Susan Au is a Managing Director, Global Occupier Services located in New York, NY.
Q: What is a way you enjoy celebrating your culture at any time of the year?
A: Food is an important aspect of celebrating my culture. In the Cantonese tradition, rice is a versatile input and can be part of an appetizer, a main and/or a dessert. Importantly, you celebrate a Cantonese meal with soup at the start or at the end of the meal, and sometimes even both! As an American, I enjoy many diverse culinary traditions and new ways of thinking about the melting pot both literally and figuratively.
As a New Yorker, nothing is as important as being able to eat or drink what you want, when you want it, regardless of time of day and occasion. The dishes I consider to be my comfort foods are congee (Cantonese), Shepard’s Pie (English/Irish) and arroz con gandules (Puerto Rican).
Q: What are aspects of your background—whether family or culture—that have served as a unique asset to you in your professional success?
A: The desire for harmony and the greater good is reinforced in Chinese culture, and manifests in how one speaks, communicates and acts. This has been helpful in my career working on large projects, especially ones with international participants, to build alignment and generate forward momentum. The important counterbalance to this is my American culture, which is easily summarized as: “You have a voice, use it.”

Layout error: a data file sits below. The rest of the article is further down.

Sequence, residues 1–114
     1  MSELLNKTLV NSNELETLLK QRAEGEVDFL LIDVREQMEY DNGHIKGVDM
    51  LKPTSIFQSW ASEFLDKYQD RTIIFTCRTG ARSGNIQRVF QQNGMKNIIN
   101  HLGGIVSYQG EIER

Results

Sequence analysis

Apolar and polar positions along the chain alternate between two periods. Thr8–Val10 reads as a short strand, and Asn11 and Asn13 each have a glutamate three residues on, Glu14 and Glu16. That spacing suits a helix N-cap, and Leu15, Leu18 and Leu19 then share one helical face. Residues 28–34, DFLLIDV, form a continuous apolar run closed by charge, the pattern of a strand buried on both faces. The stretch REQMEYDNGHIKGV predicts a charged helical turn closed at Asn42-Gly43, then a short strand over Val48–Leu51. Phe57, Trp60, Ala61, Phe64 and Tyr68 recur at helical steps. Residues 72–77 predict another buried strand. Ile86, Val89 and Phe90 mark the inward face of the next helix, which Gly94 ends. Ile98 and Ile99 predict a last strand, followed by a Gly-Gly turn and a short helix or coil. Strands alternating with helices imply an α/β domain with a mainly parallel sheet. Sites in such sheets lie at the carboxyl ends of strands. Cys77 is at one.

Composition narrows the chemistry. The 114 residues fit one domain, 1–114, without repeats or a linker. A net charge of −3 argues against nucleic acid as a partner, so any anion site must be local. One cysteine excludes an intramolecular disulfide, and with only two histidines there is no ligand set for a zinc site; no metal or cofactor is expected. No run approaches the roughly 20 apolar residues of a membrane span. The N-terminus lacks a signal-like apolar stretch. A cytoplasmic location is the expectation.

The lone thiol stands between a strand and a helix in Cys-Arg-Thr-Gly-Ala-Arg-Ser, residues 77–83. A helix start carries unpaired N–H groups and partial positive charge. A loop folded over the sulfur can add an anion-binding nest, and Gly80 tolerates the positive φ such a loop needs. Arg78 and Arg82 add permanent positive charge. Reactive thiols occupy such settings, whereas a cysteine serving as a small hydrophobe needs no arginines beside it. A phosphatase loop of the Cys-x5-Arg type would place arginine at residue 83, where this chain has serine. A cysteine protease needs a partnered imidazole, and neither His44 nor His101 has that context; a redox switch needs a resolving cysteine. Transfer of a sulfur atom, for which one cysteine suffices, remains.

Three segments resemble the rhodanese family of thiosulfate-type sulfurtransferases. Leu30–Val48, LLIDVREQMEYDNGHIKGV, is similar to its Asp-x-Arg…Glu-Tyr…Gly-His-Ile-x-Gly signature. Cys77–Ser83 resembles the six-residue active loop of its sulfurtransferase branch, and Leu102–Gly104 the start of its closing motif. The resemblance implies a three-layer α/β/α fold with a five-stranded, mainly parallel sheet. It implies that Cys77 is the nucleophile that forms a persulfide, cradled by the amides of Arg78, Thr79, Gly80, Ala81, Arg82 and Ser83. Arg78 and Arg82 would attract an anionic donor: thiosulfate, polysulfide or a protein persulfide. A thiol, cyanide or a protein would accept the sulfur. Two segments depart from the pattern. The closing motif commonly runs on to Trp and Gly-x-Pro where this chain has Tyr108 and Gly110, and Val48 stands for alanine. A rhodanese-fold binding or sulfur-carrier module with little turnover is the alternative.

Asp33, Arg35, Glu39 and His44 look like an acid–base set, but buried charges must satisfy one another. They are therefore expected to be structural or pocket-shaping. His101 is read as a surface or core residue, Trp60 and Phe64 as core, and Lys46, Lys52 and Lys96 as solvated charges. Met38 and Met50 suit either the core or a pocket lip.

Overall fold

Q: How have you seen diversity as a valuable asset in our business?
A: As multinational corporations expand and grow, diversity only becomes more important in real estate to help us speak to our client stakeholders and understand their challenges and considerations, especially for Global Occupier Services clients with a myriad of locations connecting across the globe. Diversity in thought and perspective is crucial, and Cushman & Wakefield is making great strides to incorporate this mindset in our employees and our teams.
Q: What are ways that all employees can be champions for diversity in the workplace?
A: One thing a lot of individuals don’t realize is that there can be a cost to speaking up or out for someone from a diverse background, whether diverse means race, gender, disability, personal or political affiliation. A poor experience may make individuals more reticent to speak up, out or loudly even in seemingly mundane discussions. Providing an environment that celebrates thoughts, opinions and experiences different than the collective will encourage sharing and help a workplace become stronger, both as a business and as an employer of choice. Fostering a culture of candor and trust is a way for everyone to champion diversity in the workplace. Importantly, we are a team and it is important to have open dialog where everyone feels both welcomed and included, as well as championed for their commonalities and their differences.